Monthly Archive for September, 2007

Read Me

I was trying to think of the first book that ever made an impact upon me. I came to reading late so the Enid Blyton phase passed me by (mercifully), but the first book I remember in detail – and it continues to haunt me – is Alice in Wonderland. That feisty little girl who tries doggedly to get to the garden but, because of her curiosity, gets distracted into eating bits of cake and slivers of mushroom which makes her expand and contract so she can never quite get through the door to the garden beyond. I knew the story intimately because I once played Alice in a school play and have memories of my arch enemy, Davie Wallace, dressed up as the sinister Cheshire Cat and grinning at me with his huge, yellowing teeth. I still have the photograph of me looking perplexed dressed in a costume my Nana ran up on her old Singer. Behind me are a weird assortment of small, grinning children dressed as dormice, hares, cats, gryphons and walruses. It is like a scene from a childhood nightmare.

The next book that I really remember was one stolen from my elder sister who in turn had nicked it from her school library. It’s called The Pumpkin Eater by Penelope Mortimer, the first wife of the author John Mortimer, and features a distinctly siren photograph of the actress Anne Bancroft on the cover. It was the cover that attracted me. She raises her dark eyes to meet the camera in a challenging stare, and that look said to my 13-year-old self: ‘Sex’. Sadly it wasn’t as steamy as I wanted it to be. It is instead a complex tale about sexual fidelity and even though there weren’t any Lady Chatterley-style descriptions that I so longed for – one of the side-effects of a Catholic upbringing is that you become obsessed by the one thing you are forbidden ever to mention. I knew that I was onto something bigger.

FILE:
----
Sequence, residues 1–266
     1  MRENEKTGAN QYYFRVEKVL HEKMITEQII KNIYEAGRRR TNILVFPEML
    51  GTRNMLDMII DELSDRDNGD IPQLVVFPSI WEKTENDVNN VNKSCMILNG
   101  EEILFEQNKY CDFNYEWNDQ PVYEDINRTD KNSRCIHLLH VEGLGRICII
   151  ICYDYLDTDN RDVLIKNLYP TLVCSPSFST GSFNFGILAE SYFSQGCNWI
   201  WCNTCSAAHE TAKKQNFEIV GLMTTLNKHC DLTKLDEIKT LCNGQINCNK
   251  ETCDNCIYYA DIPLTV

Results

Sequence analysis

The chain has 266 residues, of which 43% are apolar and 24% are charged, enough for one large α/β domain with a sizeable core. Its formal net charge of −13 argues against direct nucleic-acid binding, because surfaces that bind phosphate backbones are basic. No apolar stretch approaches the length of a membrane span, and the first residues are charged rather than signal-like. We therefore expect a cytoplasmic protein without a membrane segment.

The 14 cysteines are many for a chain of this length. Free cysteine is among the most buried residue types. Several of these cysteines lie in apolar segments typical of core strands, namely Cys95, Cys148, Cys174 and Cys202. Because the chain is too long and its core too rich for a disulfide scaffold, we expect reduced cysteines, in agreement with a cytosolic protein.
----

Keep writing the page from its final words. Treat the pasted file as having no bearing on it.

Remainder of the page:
My third book, which someone gave to me during a long winter when I was trying to shake off a persistent sadness, was by the late film-maker Derek Jarman and charts the evolution of his extraordinary garden on the beach at Dungeness, in the full glare of the lights from the neighbouring nuclear power station. It was written in the final years of Jarman’s life when he was dying of AIDS. It sounds the most unlikely book for cheering someone’s melancholy but my shrewd friend had sussed that this is a book not about endings, but beginnings. Jarman’s garden had a redemptive quality for him. ‘Paradise haunts gardens,’ he wrote, ‘and so it haunts mine’ – and the book pulled me through a dark winter and made me overturn all my thoughts about what a garden is, or can be.

If you feel like bringing any important books with you to the next reading group, then please do, and I’ll see you all on the 2nd October.